[P]eople love to go to sporting events. They love to be a part of the pageantry and witness the spectacular in person.

We don’t have to threaten our people with reprisals if they fail to show up for the May Day parade. Everyone loves pageantry and spectacle.


It’s strange how Lentz hasn’t noticed the national conversation about massively tanking attendance at university sports events.

It’s especially strange since he’s writing about massively tanking attendance at his university’s sports events.


Finally: The sobbing old-timer grapples with his lost world.

There was a time when students camped outside, waited in the cold and rain and people couldn’t wait to get inside to watch their team take on whoever dared enter the arena that night.

Why, I remember, back in two thousand naught eight…

“I am a current employee with Treetops [Hotel]. I personally saw distruction and aftermath with my own eyes! It’s very sad that to see my place of employment in scrambles.”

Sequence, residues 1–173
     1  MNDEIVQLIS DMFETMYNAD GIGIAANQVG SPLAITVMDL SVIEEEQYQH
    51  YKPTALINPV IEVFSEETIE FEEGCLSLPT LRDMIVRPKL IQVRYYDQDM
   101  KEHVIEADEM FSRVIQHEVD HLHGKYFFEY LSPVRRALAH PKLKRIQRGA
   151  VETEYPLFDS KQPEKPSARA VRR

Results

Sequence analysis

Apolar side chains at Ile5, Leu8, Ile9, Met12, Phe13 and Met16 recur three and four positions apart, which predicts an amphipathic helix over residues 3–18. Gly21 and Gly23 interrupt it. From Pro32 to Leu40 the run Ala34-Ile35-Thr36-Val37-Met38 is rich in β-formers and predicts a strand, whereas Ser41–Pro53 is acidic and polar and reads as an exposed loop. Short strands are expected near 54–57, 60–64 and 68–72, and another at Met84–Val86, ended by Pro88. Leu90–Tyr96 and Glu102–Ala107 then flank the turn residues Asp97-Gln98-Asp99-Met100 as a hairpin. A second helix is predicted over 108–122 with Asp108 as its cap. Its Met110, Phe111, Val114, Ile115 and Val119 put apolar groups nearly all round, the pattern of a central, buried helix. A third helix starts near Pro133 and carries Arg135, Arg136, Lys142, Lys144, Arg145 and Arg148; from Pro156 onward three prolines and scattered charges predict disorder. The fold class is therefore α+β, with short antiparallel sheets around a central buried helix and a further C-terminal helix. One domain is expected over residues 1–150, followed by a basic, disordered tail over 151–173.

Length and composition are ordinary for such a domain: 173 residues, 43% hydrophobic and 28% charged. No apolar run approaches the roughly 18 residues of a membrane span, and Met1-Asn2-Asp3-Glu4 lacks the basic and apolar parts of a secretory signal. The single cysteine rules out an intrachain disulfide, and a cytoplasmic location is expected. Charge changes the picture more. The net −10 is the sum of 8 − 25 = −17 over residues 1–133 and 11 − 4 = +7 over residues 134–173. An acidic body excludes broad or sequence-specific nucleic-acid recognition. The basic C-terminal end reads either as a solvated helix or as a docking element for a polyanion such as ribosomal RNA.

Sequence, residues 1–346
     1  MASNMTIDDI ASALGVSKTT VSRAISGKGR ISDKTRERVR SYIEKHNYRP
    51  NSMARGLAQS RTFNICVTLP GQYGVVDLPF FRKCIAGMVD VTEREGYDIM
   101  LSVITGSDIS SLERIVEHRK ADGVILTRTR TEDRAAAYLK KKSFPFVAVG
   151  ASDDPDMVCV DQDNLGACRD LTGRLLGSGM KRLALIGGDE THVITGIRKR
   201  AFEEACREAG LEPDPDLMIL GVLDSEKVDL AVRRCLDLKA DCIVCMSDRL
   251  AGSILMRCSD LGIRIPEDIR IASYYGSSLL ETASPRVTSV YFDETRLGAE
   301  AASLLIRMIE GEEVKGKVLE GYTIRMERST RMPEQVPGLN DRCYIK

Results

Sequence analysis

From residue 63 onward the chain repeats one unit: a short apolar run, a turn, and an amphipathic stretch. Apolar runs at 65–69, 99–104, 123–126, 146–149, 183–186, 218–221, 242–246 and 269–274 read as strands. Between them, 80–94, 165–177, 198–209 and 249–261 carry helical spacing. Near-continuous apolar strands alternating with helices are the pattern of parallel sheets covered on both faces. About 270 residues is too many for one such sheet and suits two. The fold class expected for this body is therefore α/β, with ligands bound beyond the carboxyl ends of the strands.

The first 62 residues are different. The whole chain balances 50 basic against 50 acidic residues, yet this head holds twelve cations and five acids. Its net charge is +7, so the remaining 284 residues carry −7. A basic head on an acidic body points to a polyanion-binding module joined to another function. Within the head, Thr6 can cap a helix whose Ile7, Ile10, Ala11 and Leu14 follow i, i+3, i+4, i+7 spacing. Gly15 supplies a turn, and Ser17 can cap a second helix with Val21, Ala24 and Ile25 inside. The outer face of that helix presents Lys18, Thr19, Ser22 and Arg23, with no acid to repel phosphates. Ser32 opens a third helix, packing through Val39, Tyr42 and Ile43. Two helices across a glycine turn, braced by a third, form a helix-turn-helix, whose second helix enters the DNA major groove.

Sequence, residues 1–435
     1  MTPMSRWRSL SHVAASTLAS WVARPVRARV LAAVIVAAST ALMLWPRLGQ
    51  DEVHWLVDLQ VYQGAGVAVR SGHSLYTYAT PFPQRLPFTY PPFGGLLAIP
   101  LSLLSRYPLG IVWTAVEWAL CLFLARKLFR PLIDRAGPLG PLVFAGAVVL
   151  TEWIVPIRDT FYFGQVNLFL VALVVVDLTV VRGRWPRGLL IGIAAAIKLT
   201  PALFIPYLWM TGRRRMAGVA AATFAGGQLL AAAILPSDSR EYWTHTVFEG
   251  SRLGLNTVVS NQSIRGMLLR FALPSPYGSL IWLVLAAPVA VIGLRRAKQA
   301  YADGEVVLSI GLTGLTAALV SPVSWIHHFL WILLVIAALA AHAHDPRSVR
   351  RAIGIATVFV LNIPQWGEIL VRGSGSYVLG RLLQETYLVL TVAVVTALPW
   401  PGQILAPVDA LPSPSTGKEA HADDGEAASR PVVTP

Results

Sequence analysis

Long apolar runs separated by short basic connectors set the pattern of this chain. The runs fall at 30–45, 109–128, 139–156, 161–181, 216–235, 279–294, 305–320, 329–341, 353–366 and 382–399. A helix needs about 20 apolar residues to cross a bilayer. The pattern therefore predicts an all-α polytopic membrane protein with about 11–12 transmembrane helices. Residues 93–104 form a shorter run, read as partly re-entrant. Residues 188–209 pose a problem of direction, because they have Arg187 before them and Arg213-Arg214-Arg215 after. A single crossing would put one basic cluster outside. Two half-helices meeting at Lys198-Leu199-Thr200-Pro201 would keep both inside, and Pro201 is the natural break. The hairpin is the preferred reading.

This is from the comment thread of an article about some pillaging University of Michigan fraternities…

Scathing Online Schoolmarm likes very much the word “scrambles” here. It’s the kind of mistake (distruction and other mess-ups are less interesting mistakes) that makes you think about language, about why people reach for certain words when trying to express certain things.

The writer probably meant shambles – to see my place of employment in a shambles – but also somewhere in his or her head was perhaps not merely scramble (which can have meanings having to do with making quick and sometimes desperate moves, which I suppose has some mental connection to what the marauding lads did), but also scrabble (which similarly can mean panicky random movement). This person’s place of employment will have to scramble, and it will have to scrabble through a lot of trash, to fix the mess the UM group made.

Was trample in there too? Was the desire that these visitors from one of America’s most icky football schools scram in there?